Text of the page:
However, “electronic and information resources” subject to the DIR accessibility rules do not include any equipment that contains embedded information technology that is used as an integral part of the product, but the principal function of which is not the acquisition, storage, manipulation, management, movement, control, display, switching, interchange, transmission, or reception of data or information. Examples include:

  • HVAC (heating, ventilation, and air conditioning) equipment such as thermostats or temperature control devices; and
  • medical equipment where information technology is integral to its operation.

Note that if the embedded information technology has an externally available web or computer interface, that interface is considered an electronic and information resource.

For more information see Section 2054.451 of our Government Code and  Subsections (6) and (9) of Title 1, Rule §213.1 of the Texas Administrative Code.

Loss of Funding

Normally, we do not enter into an agreement that obligates us to spend money we aren't reasonably confident we will have. However, sometimes, an agreement's payment terms may have us paying for goods or services over a period of time that is longer than we have current appropriations from the Texas Legislature or allocations from the Board of Regents to cover. While we expect to receive funds to continue the agreement, we are not capable of promising that we will receive the funds. We include this clause to give ourselves the ability to terminate a contract the Legislature or the Board of Regents does not fund.

State Auditor's Office

The State Auditor's Office may conduct an audit or investigation in connection with procurements made by us as set out in Sections 51.9335(c)73.115(c) and 74.008(c) of our Education Code. This provision is included in our contracts to (1) notify you that the State Auditor may require you to provide records related to the procurement; and (2) to be sure you notify any subcontractors about this information.

Vendor understands that acceptance of funds under this Agreement constitutes acceptance of the authority of the Texas State Auditor's Office, or any successor agency (collectively, "Auditor"), to conduct an audit or investigation in connection with those funds pursuant to Section 5 1.9335(c), Texas Education Code. Vendor agrees to cooperate with the Auditor in the conduct of the audit or investigation, including without limitation providing all records requested. Vendor will include this provision in all contracts with permitted subcontractor.


The University includes this paragraph to provide you notice that we are only able to agree to contract terms to the extent we are authorized to do so by our laws and Constitution.  The following Texas cases and Attorney General opinion demonstrate these limitations:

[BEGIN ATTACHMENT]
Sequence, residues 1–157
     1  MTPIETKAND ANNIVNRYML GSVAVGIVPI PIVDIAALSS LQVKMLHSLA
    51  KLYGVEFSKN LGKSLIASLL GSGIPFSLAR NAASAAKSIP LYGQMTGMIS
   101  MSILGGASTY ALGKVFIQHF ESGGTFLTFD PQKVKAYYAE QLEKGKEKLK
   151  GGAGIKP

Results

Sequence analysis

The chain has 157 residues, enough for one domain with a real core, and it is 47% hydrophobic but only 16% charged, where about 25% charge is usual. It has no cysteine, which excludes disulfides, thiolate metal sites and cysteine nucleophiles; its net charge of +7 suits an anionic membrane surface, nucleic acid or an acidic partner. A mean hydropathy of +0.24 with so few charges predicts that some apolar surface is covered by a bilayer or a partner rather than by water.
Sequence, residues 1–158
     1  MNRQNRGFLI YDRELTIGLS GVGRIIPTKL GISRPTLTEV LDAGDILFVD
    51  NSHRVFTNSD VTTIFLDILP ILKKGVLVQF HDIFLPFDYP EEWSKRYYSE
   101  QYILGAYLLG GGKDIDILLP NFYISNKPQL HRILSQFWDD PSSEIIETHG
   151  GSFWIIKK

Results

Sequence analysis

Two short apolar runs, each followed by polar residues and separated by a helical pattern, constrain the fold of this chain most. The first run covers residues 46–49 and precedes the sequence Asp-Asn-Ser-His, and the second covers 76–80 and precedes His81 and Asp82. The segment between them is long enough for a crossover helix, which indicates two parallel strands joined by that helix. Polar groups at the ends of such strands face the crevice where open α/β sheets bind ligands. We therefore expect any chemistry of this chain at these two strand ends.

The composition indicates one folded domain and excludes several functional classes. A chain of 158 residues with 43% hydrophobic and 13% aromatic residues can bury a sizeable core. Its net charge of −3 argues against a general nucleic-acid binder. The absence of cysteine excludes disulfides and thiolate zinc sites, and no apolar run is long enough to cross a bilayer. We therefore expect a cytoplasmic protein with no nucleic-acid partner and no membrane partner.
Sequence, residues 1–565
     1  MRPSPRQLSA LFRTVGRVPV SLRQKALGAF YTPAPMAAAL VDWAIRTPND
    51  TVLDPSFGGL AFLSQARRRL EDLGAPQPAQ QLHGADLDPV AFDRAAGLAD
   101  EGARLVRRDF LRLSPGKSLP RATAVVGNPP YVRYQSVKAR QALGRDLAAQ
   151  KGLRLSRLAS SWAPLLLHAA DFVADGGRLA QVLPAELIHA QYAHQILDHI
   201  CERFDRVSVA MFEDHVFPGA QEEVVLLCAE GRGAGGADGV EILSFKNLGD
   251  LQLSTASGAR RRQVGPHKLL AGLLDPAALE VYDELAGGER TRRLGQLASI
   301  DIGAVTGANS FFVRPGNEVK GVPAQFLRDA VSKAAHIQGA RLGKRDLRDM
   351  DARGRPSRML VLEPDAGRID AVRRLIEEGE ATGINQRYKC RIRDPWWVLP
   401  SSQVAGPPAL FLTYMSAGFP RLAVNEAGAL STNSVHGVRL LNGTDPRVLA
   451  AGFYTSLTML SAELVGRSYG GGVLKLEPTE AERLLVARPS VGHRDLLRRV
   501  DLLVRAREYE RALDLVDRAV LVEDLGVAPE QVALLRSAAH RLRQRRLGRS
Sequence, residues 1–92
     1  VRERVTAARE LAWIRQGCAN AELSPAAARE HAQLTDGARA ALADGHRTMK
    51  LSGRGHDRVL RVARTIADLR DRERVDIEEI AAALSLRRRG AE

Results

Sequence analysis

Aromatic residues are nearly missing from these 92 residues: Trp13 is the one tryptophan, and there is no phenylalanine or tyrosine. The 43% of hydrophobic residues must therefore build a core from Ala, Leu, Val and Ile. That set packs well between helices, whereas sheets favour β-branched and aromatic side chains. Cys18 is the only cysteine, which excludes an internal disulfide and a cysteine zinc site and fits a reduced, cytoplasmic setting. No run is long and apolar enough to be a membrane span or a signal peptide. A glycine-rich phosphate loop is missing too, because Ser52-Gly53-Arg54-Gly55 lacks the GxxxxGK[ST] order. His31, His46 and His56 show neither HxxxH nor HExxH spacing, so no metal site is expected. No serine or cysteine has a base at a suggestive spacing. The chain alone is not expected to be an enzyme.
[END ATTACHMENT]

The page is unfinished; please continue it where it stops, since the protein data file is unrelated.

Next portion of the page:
• State ex rel. Dept. of Criminal Justice v. VitaPro Foods, Inc., 8 S.W.3d 316 (Tex. 1999):
    In general, only persons authorized by the Constitution or a statute can make a contract binding on the State. See State v. Ragland Clinic-Hosp., 159 S.W.2d 105, 106 (Tex. 1942).  All state officers' powers are fixed by law, and all persons dealing with them are charged with notice of the limitations on those powers. See id. at 107. Only persons having actual authority to act on behalf of the State can bind the State in contract. See id. 
  • Texas Attorney General’s Opinion MW-475:
    Only those obligations which the state agency or university has the constitutional and statutory authority to discharge may be the subject of a valid indemnity agreement by it in favor of others. An indemnity agreement negotiated by a state instrumentality in violation of law is unenforceable and void, although an invalid indemnity clause in an otherwise enforceable contract will not ordinarily invalidate the remainder of the contract.

Notwithstanding expressions to the contrary which are to be found in some of the earlier cases, we think it must now be accepted as the established law in Texas that limitation does not run against the State unless provision for it to do so is made by statute.


Chapter 2161 of our Government Code and related regulations, require us to make a good faith effort to assist historically underutilized businesses (each a “HUB”) in receiving contract awards. The goal of the Texas HUB program is to promote full and equal business opportunity for all businesses in contracting with us. When contracting with us, you also have an obligation to make a good faith effort to utilize HUBs certified by the Texas Comptroller’s Office, when subcontracting any of the goods or services provided to us. The good faith effort obligation continues throughout the term of the contract. Subcontracting by you is subject to reporting and review to ensure compliance with the Texas HUB program.

 Good Contracting Clauses

Representations and Warranties by Contractor

This clause asks you to certify that your company is a properly organized business entity permitted to do business with us and that the person signing the contract on your company’s behalf has been properly authorized to do so. We ask for these certifications to protect us from later claims that could hurt our ability to enforce our contract. 

Entire Agreement; Modifications

This clause reduces the risk that our actual deal is different from what we wrote in the contract. This clause says that both sides agree the contract we are signing describes the actual deal, and that things we might have talked about or considered, but didn't make it into the final signed document, are not part of the agreement we reached. It also says that if we want to change the agreement, we must do that in a signed writing. This prevents one side from saying that the other agreed to a change in a conversation or other communications. 

Addendum Controlling

This clause says simply that if one of the issues addressed in the Addendum is also addressed in the body of the contract, the Addendum's way of dealing with the issue will control. In many cases, there will not be duplication because our clauses are unique to contracts with Texas agencies; but for the general "good contracting" clauses, duplication is more likely. For example, many contracts contain venue and governing law provisions. If you attached the Addendum to such a contract, there would be two venue and governing law clauses. Without this "Addendum Controlling" clause, it could be argued that the one in the body of the contract controls. This clause eliminates that argument.

Another way to deal with "dueling clauses" is to identify duplications and simply delete the contract clause and put our clause in its place. You may prefer this approach as "cleaner," although the Addendum controlling approach is easier.